Under its various legal rights and powers, the Mayor, Commonality and Citizens of the City of London (“the City of London Corporation”) requires you to remove all tents and other structures from the protest camp at St Pauls Churchyard, London EC4 (in the area shown in red and green on the attached plan) forthwith. If any tents and other structures remain after 6pm on Thursday 17th November 2011, proceedings for possession and injunctions will be issued in the high Court of Justice without further notice. Any attempt to establish another protest camp consisting of tents and other structures elsewhere in the City of London Corporation’s area will be likely to be the subject of immediate further proceedings without further notice.
This study grew out of the 1997 STOA report, ‘An Appraisal of the Technologies of Political Control’ and takes that work further. Its focus is two fold:(i) to examine the bio-medical effects and the social & political impacts of currently available crowd control weapons in Europe; (ii) to analyse world wide trends and developments including the implications for Europe of a second generation of so called “non-lethal” weapons.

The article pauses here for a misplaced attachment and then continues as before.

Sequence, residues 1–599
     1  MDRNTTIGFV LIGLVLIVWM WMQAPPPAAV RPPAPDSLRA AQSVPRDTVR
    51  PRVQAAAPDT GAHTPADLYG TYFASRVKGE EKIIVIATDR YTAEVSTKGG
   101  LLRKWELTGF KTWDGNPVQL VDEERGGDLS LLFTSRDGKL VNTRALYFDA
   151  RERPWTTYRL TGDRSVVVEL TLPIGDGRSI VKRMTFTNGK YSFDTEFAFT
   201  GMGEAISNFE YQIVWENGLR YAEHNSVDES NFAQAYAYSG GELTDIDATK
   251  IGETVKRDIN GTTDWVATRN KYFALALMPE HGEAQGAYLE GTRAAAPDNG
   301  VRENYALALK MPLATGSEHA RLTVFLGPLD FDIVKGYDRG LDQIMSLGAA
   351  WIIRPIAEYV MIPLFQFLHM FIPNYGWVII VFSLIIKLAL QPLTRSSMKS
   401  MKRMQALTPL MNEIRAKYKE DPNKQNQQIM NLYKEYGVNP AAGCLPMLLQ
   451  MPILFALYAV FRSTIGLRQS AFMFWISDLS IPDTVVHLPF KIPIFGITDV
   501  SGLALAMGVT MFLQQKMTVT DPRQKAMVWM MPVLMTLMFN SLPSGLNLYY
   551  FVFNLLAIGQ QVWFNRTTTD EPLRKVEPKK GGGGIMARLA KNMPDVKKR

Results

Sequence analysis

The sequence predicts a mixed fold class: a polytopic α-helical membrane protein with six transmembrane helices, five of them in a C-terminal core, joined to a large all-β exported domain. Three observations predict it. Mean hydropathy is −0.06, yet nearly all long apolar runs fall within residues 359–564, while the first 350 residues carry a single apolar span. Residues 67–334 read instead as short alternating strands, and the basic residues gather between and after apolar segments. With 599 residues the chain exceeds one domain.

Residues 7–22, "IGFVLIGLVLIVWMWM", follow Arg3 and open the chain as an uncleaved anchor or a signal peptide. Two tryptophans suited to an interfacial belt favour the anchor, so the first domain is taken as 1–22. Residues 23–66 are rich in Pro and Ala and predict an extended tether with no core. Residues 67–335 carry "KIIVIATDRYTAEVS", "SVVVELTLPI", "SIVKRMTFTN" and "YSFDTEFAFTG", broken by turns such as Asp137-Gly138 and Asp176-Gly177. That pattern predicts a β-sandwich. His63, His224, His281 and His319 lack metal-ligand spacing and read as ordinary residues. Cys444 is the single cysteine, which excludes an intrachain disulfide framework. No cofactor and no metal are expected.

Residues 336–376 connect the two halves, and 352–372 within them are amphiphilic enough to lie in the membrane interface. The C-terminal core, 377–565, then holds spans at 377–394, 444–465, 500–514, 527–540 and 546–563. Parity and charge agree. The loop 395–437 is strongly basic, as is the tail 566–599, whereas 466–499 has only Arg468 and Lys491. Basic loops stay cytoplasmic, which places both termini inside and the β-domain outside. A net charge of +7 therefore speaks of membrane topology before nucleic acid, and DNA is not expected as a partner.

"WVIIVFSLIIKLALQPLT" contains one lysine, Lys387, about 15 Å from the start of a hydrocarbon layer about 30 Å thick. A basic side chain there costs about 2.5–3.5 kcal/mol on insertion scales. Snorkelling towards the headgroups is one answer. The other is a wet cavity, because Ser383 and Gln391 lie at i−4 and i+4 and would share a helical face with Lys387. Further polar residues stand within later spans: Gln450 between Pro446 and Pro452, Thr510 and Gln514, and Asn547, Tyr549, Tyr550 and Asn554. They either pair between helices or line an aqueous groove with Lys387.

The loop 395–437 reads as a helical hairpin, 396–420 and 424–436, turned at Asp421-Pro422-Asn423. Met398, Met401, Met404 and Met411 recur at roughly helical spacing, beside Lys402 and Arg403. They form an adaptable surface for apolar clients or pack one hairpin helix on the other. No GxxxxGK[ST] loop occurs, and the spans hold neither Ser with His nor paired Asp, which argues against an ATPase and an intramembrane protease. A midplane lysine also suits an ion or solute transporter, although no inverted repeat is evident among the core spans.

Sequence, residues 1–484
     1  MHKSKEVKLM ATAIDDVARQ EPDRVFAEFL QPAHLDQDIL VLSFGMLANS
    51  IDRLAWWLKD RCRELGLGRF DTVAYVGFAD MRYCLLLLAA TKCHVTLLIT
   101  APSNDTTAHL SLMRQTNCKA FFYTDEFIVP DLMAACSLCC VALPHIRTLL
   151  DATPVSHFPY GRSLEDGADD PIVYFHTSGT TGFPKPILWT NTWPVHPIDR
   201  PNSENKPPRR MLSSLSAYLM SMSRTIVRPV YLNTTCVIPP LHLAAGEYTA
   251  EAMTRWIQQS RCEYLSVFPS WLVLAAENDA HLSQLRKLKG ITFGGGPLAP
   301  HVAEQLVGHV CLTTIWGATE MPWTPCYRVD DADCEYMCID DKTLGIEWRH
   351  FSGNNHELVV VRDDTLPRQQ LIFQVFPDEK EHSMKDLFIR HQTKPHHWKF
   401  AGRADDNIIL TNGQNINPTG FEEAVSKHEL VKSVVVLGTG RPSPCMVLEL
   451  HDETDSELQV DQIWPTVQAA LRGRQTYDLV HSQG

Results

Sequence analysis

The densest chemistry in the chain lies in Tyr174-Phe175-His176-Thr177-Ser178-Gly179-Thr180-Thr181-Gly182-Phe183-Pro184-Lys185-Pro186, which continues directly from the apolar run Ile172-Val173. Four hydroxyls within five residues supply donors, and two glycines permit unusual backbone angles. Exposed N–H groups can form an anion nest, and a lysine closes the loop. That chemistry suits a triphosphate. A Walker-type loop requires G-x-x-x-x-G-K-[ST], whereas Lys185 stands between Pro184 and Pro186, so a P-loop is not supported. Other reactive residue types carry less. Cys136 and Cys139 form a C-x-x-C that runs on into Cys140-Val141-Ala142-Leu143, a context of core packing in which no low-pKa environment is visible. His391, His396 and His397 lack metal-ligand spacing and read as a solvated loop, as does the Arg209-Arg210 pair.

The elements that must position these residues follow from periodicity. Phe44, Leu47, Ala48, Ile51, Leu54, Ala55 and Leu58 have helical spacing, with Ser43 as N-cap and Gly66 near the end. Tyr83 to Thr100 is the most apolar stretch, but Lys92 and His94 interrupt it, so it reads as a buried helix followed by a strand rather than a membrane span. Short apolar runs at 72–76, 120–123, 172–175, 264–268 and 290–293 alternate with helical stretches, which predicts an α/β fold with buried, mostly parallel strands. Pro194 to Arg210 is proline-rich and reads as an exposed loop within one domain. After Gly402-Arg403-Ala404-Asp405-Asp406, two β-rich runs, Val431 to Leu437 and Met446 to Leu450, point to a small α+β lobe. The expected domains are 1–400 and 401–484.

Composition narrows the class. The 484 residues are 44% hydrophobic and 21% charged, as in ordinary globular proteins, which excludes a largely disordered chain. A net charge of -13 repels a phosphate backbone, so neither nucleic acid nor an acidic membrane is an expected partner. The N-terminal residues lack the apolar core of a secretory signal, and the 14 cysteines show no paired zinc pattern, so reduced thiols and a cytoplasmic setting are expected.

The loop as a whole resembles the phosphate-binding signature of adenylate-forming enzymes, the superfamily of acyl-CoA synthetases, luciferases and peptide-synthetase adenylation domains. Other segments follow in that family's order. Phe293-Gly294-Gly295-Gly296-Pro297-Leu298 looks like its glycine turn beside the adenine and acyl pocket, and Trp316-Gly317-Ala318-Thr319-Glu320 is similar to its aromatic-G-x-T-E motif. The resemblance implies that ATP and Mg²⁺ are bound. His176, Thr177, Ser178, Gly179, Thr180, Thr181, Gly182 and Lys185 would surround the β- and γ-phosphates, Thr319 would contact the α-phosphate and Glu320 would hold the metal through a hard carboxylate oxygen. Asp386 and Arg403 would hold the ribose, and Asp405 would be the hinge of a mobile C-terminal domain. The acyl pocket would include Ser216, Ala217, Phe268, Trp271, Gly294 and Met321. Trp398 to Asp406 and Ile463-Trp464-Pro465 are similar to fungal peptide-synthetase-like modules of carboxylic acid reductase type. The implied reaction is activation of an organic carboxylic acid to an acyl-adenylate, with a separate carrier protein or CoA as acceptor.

This document facilitates discussion, training, and implementation of effective information superiority methods at the Battalion and Brigade level. This paper discusses the Center of Gravity analysis model for identifying threat networks, Critical Capabilities, and Critical Vulnerabilities; use of the methodology to determine the threat vulnerabilities; and as a basis for understanding how to achieve Information Superiority.
U.S. Army Asymmetric Warfare Group Sniper Awareness and Counter-Sniper Reference Card from October 2007.
Decision by the New York Supreme Court to deny extension of a temporary restraining order and maintain previous eviction order from November 15, 2011.